While Carrabba’s recovery has been difficult, he’s seen an enormous outpouring of love and support. On Instagram, he posted photos of his homecoming, standing double-slinged and bandaged while he read “Get Well” posters sprawled across his garage door. He also shared photographs of the notes and cards he’s received by mail: some from friends, fans he’s met briefly or others he hopes to meet one day.
“For what has been a hard time, it absolutely has not been a lonely time,” he says. “It’s just selfless kindness.”
Despite the positivity and silver linings, Carrabba still went through hell. He describes the pain of his injuries, which persist to this day, as “excessive and indescribable,” but he isn’t seeking sympathy.
“Talking about these injuries is a little uncomfortable for me, because people do end up in dire straits for the rest of their lives,” Carrabba clarifies. “I haven’t.”
He continues: “I guess you’re given that [choice] pretty early on, ‘How are you gonna spin this for your own inner narrative?’ I grappled a little bit with the ‘woe is me,’ and I realized that there’s no gold to mine in that particular endeavor. Where could that possibly get you but lower? I fought to stay positive. This constant reminder that the world is a good place—the outpouring of kindness— in such a bad time for everyone, has been beautiful.”
Carrabba first jumped on a motorcycle at the age of five, when his uncle Jimmy helped him onto a dirt bike. He continued to ride on-and-off throughout his life and describes himself as a careful, proficient rider, who enjoys wooded trails and is far from a speed demon. But while riding has been one of his life’s greatest joys, the singer has decided to sell his remaining motorcycles, a cafe racer and a street tracker.
“I can live without it now,” Carrabba explains. “I couldn’t have lived without guitar, so that’s the tradeoff. Am I willing to risk this again for the joy of riding a motorcycle? Am I willing to trade the joy of being a functioning human being and also a musician? I’m not willing to trade for that.”
The seemingly benign nature of Carrabba’s accident only further explains why he’s ready to move on. As he recalls, he was driving under 15 miles per hour at the time of the wreck. There had recently been a car accident in the same location just hours earlier. On the road, there were still bits of car, gravel and perhaps some fluids from the vehicle.
Unfortunately, that’s where he spun out on remaining debris, causing his bike to hydroplane. The next thing he knew, he was hurdling through the air. He used his experience from riding and skateboarding to try to distance himself from his motorcycle.
“Once I realized I was heading into this ditch, I goosed the bike a little bit, I kicked it forward with my feet and kicked myself backwards,” Carrabba explains. “I thought, ‘This is gonna hurt!’”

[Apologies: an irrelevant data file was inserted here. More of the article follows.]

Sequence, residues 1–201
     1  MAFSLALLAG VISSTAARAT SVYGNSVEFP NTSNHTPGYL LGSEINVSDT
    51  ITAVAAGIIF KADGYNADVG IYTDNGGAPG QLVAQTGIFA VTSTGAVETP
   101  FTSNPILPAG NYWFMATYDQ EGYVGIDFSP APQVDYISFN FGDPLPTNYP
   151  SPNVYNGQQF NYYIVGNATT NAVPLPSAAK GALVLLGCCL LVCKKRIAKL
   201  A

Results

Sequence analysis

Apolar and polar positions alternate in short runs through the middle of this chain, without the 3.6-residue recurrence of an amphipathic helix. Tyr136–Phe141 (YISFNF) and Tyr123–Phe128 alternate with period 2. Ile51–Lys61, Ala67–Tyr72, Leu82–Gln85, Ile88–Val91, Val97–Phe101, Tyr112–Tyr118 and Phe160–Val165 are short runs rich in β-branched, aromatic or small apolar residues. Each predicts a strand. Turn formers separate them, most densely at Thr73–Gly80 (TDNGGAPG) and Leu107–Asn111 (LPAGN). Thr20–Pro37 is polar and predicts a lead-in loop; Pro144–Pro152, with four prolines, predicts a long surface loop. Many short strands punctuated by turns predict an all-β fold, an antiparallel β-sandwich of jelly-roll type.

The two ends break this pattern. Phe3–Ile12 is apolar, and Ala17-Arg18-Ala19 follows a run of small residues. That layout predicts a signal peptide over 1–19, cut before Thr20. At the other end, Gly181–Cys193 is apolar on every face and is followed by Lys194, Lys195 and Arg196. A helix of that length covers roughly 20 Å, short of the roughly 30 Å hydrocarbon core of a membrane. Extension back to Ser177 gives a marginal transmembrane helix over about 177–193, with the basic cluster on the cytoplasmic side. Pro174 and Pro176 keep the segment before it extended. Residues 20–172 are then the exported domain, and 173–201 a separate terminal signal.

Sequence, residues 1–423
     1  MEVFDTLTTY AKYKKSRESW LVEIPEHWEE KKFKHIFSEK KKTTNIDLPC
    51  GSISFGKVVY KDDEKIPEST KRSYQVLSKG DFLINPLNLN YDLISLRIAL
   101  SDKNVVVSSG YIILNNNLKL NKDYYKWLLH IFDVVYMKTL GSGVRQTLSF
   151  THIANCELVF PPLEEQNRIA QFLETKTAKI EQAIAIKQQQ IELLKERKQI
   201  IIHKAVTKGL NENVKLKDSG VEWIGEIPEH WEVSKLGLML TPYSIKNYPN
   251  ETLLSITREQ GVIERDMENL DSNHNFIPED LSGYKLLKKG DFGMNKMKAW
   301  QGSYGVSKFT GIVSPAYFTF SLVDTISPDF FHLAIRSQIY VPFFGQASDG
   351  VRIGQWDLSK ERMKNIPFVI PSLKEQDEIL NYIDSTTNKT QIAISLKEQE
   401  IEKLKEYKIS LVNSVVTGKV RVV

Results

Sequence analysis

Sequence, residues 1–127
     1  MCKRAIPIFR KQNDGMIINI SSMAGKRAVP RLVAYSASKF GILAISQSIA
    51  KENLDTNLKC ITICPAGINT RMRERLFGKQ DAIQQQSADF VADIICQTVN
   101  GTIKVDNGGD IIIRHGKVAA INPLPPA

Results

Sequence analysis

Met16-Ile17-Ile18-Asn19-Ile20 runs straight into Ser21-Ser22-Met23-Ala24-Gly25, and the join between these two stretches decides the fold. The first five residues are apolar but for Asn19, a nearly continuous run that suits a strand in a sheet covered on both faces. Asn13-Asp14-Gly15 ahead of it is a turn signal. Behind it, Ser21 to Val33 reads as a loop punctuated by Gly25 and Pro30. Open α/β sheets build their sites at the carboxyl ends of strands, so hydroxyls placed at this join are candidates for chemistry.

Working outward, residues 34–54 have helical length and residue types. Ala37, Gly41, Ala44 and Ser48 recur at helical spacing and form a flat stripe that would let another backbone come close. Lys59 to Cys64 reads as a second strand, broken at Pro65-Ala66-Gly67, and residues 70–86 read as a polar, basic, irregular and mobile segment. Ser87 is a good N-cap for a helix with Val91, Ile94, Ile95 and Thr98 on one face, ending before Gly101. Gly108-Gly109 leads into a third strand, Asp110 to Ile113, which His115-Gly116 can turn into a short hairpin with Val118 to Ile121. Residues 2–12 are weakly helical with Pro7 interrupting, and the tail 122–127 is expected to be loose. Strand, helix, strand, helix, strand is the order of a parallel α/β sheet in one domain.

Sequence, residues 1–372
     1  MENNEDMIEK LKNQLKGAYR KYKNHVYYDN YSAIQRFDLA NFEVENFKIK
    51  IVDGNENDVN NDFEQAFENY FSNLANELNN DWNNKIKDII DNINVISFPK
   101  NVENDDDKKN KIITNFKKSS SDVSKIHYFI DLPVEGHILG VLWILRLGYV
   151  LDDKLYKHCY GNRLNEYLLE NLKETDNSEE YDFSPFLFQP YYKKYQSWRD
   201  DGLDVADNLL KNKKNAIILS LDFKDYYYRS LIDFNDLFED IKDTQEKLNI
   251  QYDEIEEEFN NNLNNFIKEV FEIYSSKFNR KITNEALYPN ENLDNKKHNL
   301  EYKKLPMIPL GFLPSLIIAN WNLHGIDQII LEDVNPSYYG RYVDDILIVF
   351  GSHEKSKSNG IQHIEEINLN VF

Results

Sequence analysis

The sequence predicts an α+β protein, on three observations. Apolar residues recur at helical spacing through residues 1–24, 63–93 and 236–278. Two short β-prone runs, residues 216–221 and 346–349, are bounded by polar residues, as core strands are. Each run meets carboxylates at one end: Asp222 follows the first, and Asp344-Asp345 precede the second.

He was anticipating some pain, but felt his low speed would limit the damage of impact (he was familiar with the turn and adjusted his speed accordingly) and was more concerned about damaging his handlebars. But despite his efforts to distance himself from the bike, the shape of the embankment sent it right back at him.
As Carrabba landed in the V-shaped ditch, his bike rode up the other side of it, then flipped backwards onto him. His ribs were hurt in the fall, but his shoulders were broken when the bike landed on him.
When Carrabba rose to his feet, he felt a sharp pain in his side and assumed he’d broken a rib, an injury he’d sustained a few times before. In a state of shock, he removed his protective gear and failed to lift his bike out of the ditch, not realizing both of his shoulders were dislocated and his muscles were severed. When a passerby saw the accident, they stopped and called an ambulance.
“I said, ‘Seriously?’ I don’t want to put anybody out,’” Carrabba reflects. “I just wanted to get the bike out of this ditch, I was embarrassed. But by the time I got to the hospital, I could see on the faces of the medical staff that I was not as lucky as I thought I was.”
Upon his arrival, it took days to determine whether or not his neck was broken as they’d initially suspected. Carrabba was worried, but hardly remembers the intricacies of his turmoil.
When doctors determined that his neck was not fractured, it was time for surgery to begin. Carrabba admits his timeline is a bit of a blur—but estimates he was in the hospital for three weeks overall.
“I was under anaesthesia for quite a long time and I had brain fog, which is common,” he explains. “That’s lasted for a good couple of months. Forgetfulness, inability to think clearly. My life just kinda slowed down to a stop.”
He continues: “I’m pretty sure it’s two plates and two pins on each side. One side has 12 screws and one side has 14 screws and then there’s all kinds of wire… it’s not great.”
Carrabba’s surgeries were not back-to-back as originally planned. The first surgery on the left side of his body was a success. But two days later, as they were preparing to operate on the right side, Carrabba came down with a fever. His surgery was cancelled and he was placed in isolation, per COVID-19 protocol.